Patients were randomized to two groups. Group 1 was admitted to the hospital. Group 2 was discharged from the emergency department and contacted daily by investigators for 5 days subsequent to that discharge. All patients received an initial dose of intravenous antibiotics in the emergency department (amoxicillin and clavulanic acid; ciprofloxacin and metronidazole substituted for patients with penicillin allergy). Group 1 was then admitted to the hospital and managed with intravenous antibiotics and fluids for 36-48 hours to tolerance of oral intake and adequate pain control, followed by discharge. Group 2 was discharged directly from the emergency department with instructions to continue oral amoxicillin-clavulanic acid (or ciprofloxacin-metronidazole, if allergic). Both groups completed 10 days of total antibiotic therapy and received dietary recommendations. For the outpatient cohort (Group 2), this consisted of liquid diet with electrolyte drinks for 2 days, then escalation to low fiber. Pain was managed with paracetamol (acetaminophen). Phone calls to the outpatient subjects included assessment of temperature, diet, bowel function and pain. All patients were seen in clinic at 14 days and referred for colonoscopy to exclude neoplasm between days 45 and 60. The study's primary outcome was treatment failure of the outpatient strategy, as compared with initial hospitalization. Treatment failure was documented to have occurred in the setting of persistent pain and fever, progression to bowel obstruction or drainable abscess, surgical indication or mortality in the 60 days post-randomization. Other endpoints included quality of life (as assessed by the SF-12 tool) and a cost analysis completed at the coordinating institution, based on services for diagnosis, treatment, follow up and mean length of stay.
132 patients were ultimately randomized, and no significant differences were noted between the groups at baseline. Of this group, only 7 (5.3%) were readmitted, with no difference in readmission between the groups. No patients died and none required emergency surgery. There were no differences observed between initial inpatient and outpatient therapy related to quality of life at days 14 and 6, though within each group, quality of life improved between these two clinic visits. The cost was three times lower with outpatient therapy than with initial hospitalization (1124.70 euros less per patient — equivalent to $1532.74 US at the time of this article). The authors conclude that outpatient treatment with oral antibiotics is as safe and effective as initial hospitalization for intravenous therapy, at a lower cost and without decline in quality of life.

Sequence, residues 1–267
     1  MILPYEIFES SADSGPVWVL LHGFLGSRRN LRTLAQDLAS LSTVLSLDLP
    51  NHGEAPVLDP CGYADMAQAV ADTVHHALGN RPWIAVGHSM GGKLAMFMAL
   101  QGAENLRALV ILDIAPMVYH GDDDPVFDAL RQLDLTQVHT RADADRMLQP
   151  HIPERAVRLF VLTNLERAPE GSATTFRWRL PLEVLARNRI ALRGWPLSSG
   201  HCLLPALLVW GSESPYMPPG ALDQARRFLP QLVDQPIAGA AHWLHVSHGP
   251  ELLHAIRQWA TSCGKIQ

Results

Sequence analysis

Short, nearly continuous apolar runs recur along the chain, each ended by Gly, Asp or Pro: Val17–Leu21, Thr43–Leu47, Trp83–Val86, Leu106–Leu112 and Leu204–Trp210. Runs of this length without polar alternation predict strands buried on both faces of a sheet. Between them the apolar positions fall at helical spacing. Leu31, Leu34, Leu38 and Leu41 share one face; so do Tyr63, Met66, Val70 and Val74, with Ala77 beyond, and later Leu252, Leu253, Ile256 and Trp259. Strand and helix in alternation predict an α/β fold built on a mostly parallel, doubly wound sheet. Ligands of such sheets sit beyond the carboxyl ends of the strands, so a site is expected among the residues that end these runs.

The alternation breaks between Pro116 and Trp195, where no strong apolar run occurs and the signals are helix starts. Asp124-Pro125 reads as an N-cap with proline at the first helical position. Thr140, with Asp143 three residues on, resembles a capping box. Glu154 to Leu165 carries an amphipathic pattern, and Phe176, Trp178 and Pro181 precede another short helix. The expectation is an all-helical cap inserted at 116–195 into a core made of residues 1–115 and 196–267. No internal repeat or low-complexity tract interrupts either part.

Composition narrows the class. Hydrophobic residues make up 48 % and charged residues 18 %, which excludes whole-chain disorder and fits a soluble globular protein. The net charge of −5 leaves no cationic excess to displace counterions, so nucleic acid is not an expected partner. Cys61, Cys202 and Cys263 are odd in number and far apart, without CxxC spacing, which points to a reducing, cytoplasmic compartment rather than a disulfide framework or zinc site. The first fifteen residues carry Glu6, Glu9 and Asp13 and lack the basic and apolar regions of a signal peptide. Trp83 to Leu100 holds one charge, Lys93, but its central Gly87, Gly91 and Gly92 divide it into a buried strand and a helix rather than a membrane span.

Though this is the first RCT to address the risks and benefits of outpatient management of acute uncomplicated diverticulitis directly, there are a number of weaknesses with this study. Subject numbers were small. Many patients were not randomized due to the presence of complicated disease — only those with confined phlegmon were included. Patients with confined small abscess were excluded for simplicity here, but this modestly more complicated population likely warrants additional study. Furthermore, a substantial number of patients otherwise eligible refused to be randomized, given the possibility of outpatient management. This reader notes the even patients randomized to group 2 received a single dose of intravenous antibiotics prior to discharge, so it remains unclear whether these patients would have recovered with a strictly oral antibiotic regimen — this too should be investigated. In summary, however, these data suggest that many patients with acute, complicated diverticulitis, as manifest by inflammation/phlegmon without abscess, may be safely treated with early discharge and oral antibiotics. On a related note, interesting data are arising about the utility and necessity of follow-up colonoscopy in these patients, but we'll save that for another review.